See short profile in Leading Lights, The Story of Warrnambool Lighthouses & Lighthouse Keepers, by Elizabeth Douglas, Collett, Bain & Gaspars, Warrnambool, 1998
A well-known and highly esteemed resident, Mr. John Jenkin, died at his residence, Melbourne-road, on the 15th inst., after a few months' illness. Born in the north of Ireland, he came to Australia arid joined the local naval forces in 1879, serving some years in H.M.V.S. "Nelson." On leaving the Navy, he became attached to the lighthouse service, under the Ports and Harbors Department, and was connected with most of the lighthouses on the Victorian coast. Being transferred to the Customs Department, he returned with Mrs. Jenkin to Williamstown, and occupied many responsible positions as an officer of that department, until his retirement some years back.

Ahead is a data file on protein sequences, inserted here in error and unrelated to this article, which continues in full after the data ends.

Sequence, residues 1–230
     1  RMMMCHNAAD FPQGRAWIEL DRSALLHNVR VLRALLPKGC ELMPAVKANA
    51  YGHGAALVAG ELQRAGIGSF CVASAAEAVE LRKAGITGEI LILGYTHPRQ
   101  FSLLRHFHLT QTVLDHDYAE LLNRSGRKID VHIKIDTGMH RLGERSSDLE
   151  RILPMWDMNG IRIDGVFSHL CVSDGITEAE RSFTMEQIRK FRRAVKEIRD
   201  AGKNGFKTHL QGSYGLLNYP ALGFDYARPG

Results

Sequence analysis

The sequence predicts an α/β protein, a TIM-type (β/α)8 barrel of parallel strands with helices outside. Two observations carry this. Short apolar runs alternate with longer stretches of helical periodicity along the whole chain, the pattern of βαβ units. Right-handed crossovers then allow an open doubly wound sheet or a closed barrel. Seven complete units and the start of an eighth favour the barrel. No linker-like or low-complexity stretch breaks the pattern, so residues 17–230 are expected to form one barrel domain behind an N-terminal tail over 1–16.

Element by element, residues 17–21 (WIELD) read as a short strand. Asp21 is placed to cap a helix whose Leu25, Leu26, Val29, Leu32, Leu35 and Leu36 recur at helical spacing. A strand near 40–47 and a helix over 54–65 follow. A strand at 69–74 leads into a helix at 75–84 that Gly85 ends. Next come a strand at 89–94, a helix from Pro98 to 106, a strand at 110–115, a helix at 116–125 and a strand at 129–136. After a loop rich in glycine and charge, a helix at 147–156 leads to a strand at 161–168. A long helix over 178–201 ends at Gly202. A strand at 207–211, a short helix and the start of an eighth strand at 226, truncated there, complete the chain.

During the War he took a very active part in the Red Crioss work in the new Hall, throwing himself unsparingly into the making of equipment for the use of crippled and invalided soldiers and the various hospitals. Early and late, the first there and the last to leave, was John Jenkin. With Mrs. Jenkin, he was actively connected with the Cecil-street Presbyterian Church, of which, he was a trustee. The funeral took place at the local cemetery: on Monday; a large gathering attending -to show their last respect. The service was conducted by the Revs. - T. Brown and T. Williams. The service of the Free Gardeners' Lodge, of which the deceased was a member, was also read by their presiding officer, Mr. A. Slee, who deposited a white rose--the emblem or a pure life--1n the -grave. The funeral arrangements were carried out by Mr. E. Jackson: The pall-bearers were Messrs. J. Slee, J. Butterfield, James Gray, Capt. Strickland, A. Anderson, T. Hazel, H., Stafford and W. Donaldson (A.I.F.)
Williamstown Chronicle, 21 April 1923